Folarin Balogun is consoled by Mikel Arteta after Arsenal lost to Brentford in August 2021 (Photo: Shaun Botterill via Getty Images)

“It took me a few days to understand what happened and evaluate the positives and negatives, but in hindsight, it was definitely an experience I needed,” he says.

“We had a meeting the next day analysing the game where everyone said their piece on what went wrong. Looking at how the other players dealt with it helped.

“What I didn’t realise at the time was that it’s just a game and there are a lot of games in a season. I was more chaotic in my head, thinking, ‘We’ve lost this game, it’s a nightmare’, whereas the other players said, ‘The best thing to do is put it right in training, and then in the upcoming games’. I followed their lead and went from there.”


Balogun did not feature in the Premier League for Arsenal after August last season.

Instead, the striker experienced a play-off charge and an FA Cup run while on loan at Middlesbrough. That cup run included wins against Manchester United and Tottenham Hotspur before defeat to Chelsea in the quarter-finals. Balogun featured in each game.

“When I played against that opposition with Middlesbrough, it was very different,” he says. “I wasn’t used to not having possession and going into games with a mindset of, ‘Let’s get through the first five minutes without conceding’. That was really new for me.

“When we were preparing for those games, a part of me wanted to be like, ‘Let’s just get after it and keep the ball,’ but you quickly realise that is naïve. You have to respect the game plan and respect what the manager wants from you.”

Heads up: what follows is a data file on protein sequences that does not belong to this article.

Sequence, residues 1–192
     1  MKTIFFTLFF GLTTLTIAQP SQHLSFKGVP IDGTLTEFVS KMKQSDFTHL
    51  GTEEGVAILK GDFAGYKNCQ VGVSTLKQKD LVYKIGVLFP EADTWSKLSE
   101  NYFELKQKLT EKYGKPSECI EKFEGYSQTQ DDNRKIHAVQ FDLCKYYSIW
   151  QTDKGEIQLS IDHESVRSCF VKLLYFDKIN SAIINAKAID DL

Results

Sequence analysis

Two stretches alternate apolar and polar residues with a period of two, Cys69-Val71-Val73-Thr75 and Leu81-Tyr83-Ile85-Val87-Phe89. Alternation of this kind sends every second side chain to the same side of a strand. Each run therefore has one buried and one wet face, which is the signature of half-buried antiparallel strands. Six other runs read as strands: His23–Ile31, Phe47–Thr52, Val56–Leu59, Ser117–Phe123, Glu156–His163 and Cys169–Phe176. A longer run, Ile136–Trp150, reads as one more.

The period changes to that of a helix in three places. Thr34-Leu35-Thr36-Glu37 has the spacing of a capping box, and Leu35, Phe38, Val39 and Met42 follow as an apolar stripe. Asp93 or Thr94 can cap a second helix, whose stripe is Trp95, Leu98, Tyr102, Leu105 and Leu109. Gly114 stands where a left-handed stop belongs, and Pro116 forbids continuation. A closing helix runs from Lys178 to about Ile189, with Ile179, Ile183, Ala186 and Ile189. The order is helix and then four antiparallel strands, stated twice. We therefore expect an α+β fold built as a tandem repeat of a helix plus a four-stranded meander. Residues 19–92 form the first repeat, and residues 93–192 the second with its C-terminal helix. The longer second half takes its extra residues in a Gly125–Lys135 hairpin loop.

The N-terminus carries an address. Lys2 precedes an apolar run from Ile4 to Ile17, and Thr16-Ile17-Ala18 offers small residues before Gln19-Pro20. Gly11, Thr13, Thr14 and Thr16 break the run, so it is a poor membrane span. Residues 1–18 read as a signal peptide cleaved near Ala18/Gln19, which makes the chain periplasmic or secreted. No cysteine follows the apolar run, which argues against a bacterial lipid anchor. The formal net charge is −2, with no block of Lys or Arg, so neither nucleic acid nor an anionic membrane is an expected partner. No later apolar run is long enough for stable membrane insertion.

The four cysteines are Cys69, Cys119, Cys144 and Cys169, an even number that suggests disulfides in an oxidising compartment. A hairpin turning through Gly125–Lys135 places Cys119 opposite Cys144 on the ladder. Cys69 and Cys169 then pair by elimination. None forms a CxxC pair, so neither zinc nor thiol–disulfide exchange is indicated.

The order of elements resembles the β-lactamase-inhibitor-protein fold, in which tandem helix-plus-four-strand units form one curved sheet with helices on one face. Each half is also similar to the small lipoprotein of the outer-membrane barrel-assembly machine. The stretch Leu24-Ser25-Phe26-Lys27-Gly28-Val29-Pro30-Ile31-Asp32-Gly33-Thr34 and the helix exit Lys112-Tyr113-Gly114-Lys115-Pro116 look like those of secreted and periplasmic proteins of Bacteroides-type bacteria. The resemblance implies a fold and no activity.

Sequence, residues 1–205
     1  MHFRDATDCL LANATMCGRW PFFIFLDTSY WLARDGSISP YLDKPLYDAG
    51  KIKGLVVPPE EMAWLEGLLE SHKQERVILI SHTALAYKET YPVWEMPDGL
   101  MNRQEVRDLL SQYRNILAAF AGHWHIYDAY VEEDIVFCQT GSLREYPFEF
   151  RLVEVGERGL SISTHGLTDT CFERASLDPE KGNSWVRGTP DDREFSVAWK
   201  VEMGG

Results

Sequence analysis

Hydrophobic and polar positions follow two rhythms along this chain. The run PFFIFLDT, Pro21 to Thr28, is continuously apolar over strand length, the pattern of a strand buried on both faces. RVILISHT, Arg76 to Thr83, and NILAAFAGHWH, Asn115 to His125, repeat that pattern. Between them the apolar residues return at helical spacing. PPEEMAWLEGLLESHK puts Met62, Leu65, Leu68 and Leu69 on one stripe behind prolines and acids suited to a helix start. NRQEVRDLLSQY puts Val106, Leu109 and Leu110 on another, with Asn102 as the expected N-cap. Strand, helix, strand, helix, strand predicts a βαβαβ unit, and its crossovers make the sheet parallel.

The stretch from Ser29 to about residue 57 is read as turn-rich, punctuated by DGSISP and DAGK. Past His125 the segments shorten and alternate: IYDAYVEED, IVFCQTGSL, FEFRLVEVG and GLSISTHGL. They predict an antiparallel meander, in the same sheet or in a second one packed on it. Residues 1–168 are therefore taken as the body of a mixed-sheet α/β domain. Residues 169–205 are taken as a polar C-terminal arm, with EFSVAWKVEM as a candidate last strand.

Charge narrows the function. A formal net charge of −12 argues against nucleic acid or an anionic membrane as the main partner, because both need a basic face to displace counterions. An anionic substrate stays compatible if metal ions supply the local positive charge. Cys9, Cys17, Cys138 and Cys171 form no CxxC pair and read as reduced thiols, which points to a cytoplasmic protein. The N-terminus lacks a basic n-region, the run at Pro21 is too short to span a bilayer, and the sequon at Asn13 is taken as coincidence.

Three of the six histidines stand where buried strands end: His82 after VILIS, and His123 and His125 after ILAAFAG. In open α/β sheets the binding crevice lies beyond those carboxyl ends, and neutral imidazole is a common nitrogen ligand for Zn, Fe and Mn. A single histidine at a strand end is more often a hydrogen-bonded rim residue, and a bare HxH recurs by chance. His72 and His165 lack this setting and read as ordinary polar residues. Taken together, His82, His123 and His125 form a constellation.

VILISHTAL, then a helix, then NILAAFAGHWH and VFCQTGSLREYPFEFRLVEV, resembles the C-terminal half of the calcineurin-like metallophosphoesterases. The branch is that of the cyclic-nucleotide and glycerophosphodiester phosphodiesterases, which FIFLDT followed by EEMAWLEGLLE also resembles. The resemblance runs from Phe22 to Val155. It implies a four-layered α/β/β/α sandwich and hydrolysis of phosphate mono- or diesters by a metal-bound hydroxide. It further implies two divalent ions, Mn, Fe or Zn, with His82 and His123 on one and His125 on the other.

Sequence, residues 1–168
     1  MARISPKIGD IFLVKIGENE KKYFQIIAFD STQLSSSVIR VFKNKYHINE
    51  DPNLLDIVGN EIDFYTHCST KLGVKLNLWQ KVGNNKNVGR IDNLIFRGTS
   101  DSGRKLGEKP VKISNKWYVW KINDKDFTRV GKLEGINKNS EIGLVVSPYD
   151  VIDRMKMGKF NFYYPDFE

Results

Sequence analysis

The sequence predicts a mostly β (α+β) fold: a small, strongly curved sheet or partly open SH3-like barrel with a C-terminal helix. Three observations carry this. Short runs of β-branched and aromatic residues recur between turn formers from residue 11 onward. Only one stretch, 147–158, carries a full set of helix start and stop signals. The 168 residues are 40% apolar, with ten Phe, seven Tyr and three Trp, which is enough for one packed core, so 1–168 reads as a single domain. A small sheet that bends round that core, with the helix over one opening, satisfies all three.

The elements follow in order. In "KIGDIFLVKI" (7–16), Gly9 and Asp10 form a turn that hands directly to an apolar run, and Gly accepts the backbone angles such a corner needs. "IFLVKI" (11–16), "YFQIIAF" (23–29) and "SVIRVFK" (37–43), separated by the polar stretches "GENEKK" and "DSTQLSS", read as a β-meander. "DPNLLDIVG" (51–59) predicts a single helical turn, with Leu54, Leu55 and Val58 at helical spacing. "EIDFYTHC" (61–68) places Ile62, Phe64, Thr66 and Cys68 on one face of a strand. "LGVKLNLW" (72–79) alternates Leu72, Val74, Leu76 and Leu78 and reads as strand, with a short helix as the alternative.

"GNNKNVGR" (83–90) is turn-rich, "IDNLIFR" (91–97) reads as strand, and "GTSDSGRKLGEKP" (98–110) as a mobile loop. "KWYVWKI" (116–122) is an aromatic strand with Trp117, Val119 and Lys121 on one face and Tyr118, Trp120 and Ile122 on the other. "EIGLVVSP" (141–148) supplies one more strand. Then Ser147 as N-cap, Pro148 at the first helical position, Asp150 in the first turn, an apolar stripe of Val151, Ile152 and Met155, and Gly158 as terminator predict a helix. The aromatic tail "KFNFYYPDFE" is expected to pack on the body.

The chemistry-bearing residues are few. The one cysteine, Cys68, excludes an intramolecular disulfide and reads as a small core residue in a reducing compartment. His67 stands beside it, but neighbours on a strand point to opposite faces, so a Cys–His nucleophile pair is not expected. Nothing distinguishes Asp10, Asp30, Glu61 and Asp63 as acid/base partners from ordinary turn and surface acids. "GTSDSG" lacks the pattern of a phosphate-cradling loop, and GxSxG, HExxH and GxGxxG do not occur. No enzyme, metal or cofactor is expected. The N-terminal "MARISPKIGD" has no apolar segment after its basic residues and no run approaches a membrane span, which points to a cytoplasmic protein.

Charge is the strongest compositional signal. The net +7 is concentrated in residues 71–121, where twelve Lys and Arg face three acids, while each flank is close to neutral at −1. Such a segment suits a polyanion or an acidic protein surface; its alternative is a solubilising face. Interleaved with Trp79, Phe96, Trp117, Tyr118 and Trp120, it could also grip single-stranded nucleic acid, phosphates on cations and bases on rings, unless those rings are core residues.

What did then Middlesbrough manager Chris Wilder, who was interested in Balogun since he was Sheffield United manager in 2020, want from him?

“In those games, if we’re out of possession in a deep block and we win the ball, in a transition moment the ball will be played to me. Chris wanted me to look after the ball, buy us time and, if I could, get a foul for the team so we could get up the pitch and slowly progress.

“You have to do that in any game at any time, but there was more emphasis on that at Middlesbrough with Chris.”

Folarin Balogun


Folarin Balogun celebrates after scoring for Middlesbrough against Birmingham in March (Photo: Richard Heathcote via Getty Images)

While at Middlesbrough he also learned about playing in front of hostile crowds, such as Millwall at the Den, where Balogun and his team-mates were booed for almost the entire 90 minutes.

“That was definitely the most hostile environment I’d been in. I’d never seen anything like it, just because I hadn’t had it in my career to that point,” he says.

“To be fair, I didn’t really hear the boos because I was just focusing on the game. When I watched the game back I remember just hearing jeers and the fans getting angry when I was injured on the floor. I just found it funny.”

After that match, Wilder said: “It’s an experience that won’t do him any harm at all.”

Certainly, it hasn’t done him any harm at Reims, where he is set to complete the entire season on loan. While discussing the subject, a picture springs to mind, and as we pull our phone out to show him he laughs: “I know the one you’re talking about. Yeah, that one!”

Marseille are not the only Ligue 1 fans who make their presence felt. The picture above was taken at a Reims home match against Lens in September, another experience of hostile opposition fans ticked off.

Returning to the match against Millwall, Balogun says: “It must have helped me build more mental strength when I’m playing in hostile grounds. It’s a good learning curve to get on the ball when people are booing you, trying to throw you off. It’s a good challenge. I’ve played in more hostile grounds since then and I just feel I’m more equipped going into those games.”